I do not think we can make sense of the textual habits of humans without accounting for textual habitats, how the human species seeks to make sense of the world by using the organisms around them to make records of the past. The Nature of the Page draws literary criticism into a timely and, I think, a necessary conversation with two generative fields of scholarly study that are not typically linked: media history and the environmental humanities. If I have succeeded, the work will give media historians and environmental humanities scholars new ways of noticing the intriguing, specific, traceable ecological backstories of the cultural records that we rely upon to research, teach, and write about the past, present, and future.
From Page to Pedagogy
Teaching new work is my favorite way to integrate new ideas and methodologies into my own thinking and writing, a fact that very much influenced the style and structure of my book. The Nature of the Page is designed a bit like a museum (or even a National Park) in that it offers a lot of general interest material up front before delving into more technical, period-focused explorations. The opening sections (“Beginnings” and “Toward an Ecology of Texts”) are intended to be engaging and broadly accessible; chapter 1 (“Substances Conveying Ideas”) ranges across continents and centuries to retell the history of papermaking as a natural history of resource shortage, exploration, and extraction. (I would be happy to provide accessible PDF files of selected sections for teaching purposes.)
A course module that includes readings from The Nature of the Page might also include selections from Jussi Parikka’s work on the geology of media, N. Katherine Hayle’s figurative concept of “medial ecology” in Writing Machines, and Amaranth Borsuk’s ecologically attentive The Book (my go-to resource for teaching the history of the book in graduate and undergraduate classes). Books on the history of paper are legion, but my favorite outliers—works that deserve more attention than they get—are Therese Weber’s The Language of Paper: A History of 2000 Years, Jonathan M. Bloom’s Paper Before Print: The History and Impact of Paper in the Islamic World, and Timothy Barrett’s background essay on hand papermaking that is freely available on the Paper Through Time website.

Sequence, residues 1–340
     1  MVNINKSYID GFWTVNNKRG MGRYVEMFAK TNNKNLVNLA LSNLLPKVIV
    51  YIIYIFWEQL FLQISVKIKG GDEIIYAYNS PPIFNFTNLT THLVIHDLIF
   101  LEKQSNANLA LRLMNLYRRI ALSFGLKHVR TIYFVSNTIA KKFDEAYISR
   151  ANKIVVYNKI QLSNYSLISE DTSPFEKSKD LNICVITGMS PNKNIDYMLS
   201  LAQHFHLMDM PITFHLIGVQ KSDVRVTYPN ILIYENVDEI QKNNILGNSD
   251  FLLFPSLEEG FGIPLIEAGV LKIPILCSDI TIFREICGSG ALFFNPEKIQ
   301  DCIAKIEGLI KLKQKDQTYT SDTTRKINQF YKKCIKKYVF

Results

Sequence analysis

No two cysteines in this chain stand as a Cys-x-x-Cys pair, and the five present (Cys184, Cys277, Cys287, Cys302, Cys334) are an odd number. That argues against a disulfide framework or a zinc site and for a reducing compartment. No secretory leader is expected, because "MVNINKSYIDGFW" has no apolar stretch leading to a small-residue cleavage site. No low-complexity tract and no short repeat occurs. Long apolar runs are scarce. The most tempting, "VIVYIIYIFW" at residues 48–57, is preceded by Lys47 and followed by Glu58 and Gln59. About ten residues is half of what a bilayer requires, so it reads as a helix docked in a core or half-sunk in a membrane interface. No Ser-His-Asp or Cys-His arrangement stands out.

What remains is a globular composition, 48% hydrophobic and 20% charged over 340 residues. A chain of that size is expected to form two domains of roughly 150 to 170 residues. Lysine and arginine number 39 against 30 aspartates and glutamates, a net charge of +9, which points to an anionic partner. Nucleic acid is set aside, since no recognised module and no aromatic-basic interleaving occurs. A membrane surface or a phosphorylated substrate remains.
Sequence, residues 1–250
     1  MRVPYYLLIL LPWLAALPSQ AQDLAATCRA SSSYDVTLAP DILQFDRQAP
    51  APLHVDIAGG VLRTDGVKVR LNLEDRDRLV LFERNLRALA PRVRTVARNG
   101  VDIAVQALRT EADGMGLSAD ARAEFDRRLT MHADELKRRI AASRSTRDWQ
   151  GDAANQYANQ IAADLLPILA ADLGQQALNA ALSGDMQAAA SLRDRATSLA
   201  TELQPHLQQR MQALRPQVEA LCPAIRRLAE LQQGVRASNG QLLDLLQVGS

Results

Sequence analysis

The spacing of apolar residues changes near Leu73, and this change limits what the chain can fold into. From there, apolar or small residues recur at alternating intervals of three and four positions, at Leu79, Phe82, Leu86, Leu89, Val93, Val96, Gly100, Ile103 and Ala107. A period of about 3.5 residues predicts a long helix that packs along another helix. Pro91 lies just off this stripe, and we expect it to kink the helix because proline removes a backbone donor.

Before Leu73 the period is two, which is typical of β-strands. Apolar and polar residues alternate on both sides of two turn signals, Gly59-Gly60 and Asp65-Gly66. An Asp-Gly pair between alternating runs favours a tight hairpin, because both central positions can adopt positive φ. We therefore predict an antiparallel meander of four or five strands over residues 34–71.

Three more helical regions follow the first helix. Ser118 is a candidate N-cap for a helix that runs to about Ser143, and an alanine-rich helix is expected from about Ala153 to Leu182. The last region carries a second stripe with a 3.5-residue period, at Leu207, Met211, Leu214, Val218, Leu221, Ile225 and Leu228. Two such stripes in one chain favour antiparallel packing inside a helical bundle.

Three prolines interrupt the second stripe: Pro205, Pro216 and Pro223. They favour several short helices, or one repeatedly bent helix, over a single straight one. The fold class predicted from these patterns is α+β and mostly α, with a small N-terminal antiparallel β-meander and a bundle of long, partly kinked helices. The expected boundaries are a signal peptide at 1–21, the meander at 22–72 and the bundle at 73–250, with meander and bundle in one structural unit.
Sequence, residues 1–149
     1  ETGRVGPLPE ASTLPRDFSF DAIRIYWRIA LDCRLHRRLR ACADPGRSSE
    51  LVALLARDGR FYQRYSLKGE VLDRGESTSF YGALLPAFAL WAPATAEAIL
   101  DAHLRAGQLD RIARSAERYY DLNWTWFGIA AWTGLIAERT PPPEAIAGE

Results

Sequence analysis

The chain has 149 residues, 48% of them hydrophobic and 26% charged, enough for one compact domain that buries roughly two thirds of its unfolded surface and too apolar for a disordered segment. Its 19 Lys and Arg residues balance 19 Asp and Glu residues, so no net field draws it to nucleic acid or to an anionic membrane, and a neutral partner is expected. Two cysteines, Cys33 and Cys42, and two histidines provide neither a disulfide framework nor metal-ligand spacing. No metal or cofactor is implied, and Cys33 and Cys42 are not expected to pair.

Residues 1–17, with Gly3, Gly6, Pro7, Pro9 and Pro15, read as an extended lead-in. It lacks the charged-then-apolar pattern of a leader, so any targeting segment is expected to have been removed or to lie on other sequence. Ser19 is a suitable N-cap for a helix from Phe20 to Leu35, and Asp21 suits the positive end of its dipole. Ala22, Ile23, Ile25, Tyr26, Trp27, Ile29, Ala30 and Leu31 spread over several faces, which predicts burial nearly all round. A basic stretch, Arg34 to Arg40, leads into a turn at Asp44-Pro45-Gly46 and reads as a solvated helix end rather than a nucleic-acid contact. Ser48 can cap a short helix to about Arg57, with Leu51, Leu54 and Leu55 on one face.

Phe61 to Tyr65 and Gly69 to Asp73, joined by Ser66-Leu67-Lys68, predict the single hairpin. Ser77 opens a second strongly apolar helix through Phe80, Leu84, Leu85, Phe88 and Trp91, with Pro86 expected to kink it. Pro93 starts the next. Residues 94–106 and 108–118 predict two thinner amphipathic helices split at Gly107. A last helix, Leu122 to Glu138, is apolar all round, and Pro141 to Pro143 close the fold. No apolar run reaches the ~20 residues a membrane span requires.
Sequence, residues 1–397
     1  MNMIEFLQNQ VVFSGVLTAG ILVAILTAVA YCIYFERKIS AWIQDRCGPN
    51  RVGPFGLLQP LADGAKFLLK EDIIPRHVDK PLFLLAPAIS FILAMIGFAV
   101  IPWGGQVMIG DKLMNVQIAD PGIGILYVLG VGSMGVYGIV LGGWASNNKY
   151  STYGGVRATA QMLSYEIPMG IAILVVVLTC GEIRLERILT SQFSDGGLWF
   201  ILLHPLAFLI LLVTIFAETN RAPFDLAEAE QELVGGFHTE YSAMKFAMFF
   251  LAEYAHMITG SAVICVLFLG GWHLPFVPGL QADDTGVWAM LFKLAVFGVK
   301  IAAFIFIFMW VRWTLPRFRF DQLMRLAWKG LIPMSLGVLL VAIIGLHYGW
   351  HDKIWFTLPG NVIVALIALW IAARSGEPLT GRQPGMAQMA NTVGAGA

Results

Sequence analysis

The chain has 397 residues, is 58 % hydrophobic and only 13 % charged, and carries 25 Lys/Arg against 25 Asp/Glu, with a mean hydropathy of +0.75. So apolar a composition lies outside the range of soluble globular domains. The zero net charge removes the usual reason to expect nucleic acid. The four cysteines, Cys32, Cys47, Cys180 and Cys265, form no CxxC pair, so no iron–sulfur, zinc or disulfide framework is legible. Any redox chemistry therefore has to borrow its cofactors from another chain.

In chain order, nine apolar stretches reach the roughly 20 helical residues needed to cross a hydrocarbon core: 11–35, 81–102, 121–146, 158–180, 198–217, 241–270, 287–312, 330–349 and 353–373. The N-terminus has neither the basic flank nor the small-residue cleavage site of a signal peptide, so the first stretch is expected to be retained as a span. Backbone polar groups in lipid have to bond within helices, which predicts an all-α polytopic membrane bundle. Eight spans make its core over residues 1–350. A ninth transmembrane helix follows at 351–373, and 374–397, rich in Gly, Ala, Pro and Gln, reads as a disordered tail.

One of the most effective ways to help students think about how human ideas become nonhuman things is to schedule a class session in a Special Collections library. Most institutions have a rare books collection with holdings across several centuries or more, and that’s really all you need. Thanks to ASLE’s Teaching Resource Database, I’m able to share the simple, first-visit-to-Special-Collections guide I use. I am also trying out a new “Bestiary of the Book” assignment with students in Holding History, a mentoring-driven public humanities program that I co-direct. The assignment asks students to research and then blog about the textual history of a single living being—both how it has been written about in texts and how it has been used to make texts. I would be happy to share that work-in-progress (email me at firstname.lastname@example.org), and I will add the assignment to the database once we’re done beta testing it this semester!
Joshua Calhoun, Associate Professor of English and Faculty Affiliate with the Nelson Institute for Environmental Studies at the University of Wisconsin-Madison, specializes in Shakespeare, 16th- and 17th-century poetry, the history of media, and the environmental humanities. His work has been published in PMLA, Shakespeare Studies, and Environmental Philosophy. Calhoun is also the co-founder of Holding History, a mentorship-driven public engagement project that involves hands-on training in book making and archival research.